The lack of opportunities to perform his work or watch live productions risks marginalising the world's best-known playwright for a generation of children, said Maria Evans, the RSC's director of learning.
Her comments come as the RSC launches a major campaign calling for every child in the UK to see at least one compulsory performance of a Shakespeare play during their school life.
It also wants theatre-based activities to form part of English lessons and a practical element added to examinations, which it says focus too heavily on memorising lines without proper understanding of their significance.
Shakespeare is currently the only author who must be studied as part of the national curriculum.
But writing in The TES today, Ms Evans said: "Stop your average young person in the street and ask them about Shakespeare and you can guarantee that 'boring' will be a fairly common response.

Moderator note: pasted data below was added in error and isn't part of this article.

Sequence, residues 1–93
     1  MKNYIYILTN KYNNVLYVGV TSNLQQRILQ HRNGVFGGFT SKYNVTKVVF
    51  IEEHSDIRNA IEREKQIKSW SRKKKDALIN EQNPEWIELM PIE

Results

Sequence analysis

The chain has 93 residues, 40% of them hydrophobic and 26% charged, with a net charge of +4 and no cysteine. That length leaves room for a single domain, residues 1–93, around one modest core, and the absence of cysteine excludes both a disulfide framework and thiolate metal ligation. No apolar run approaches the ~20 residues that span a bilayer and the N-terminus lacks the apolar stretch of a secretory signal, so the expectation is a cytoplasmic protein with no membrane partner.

"Shakespeare remains the only writer studied by every young person in the country, but many leave formal education determined never to come into contact with the Bard again."
Currently 11 to 14-year-olds in Wales are required to study at least one of the Bard's plays, but the choice is left to their schools. They must also study Shakespeare at GCSE, where the text is determined by the exam board.
Ms Evans said there was concern that written key stage 3 tests in England were a turn-off for children and did nothing to encourage theatre-based productions of Shakespeare's plays. KS3 tests are now optional in Wales and will disappear in 2008.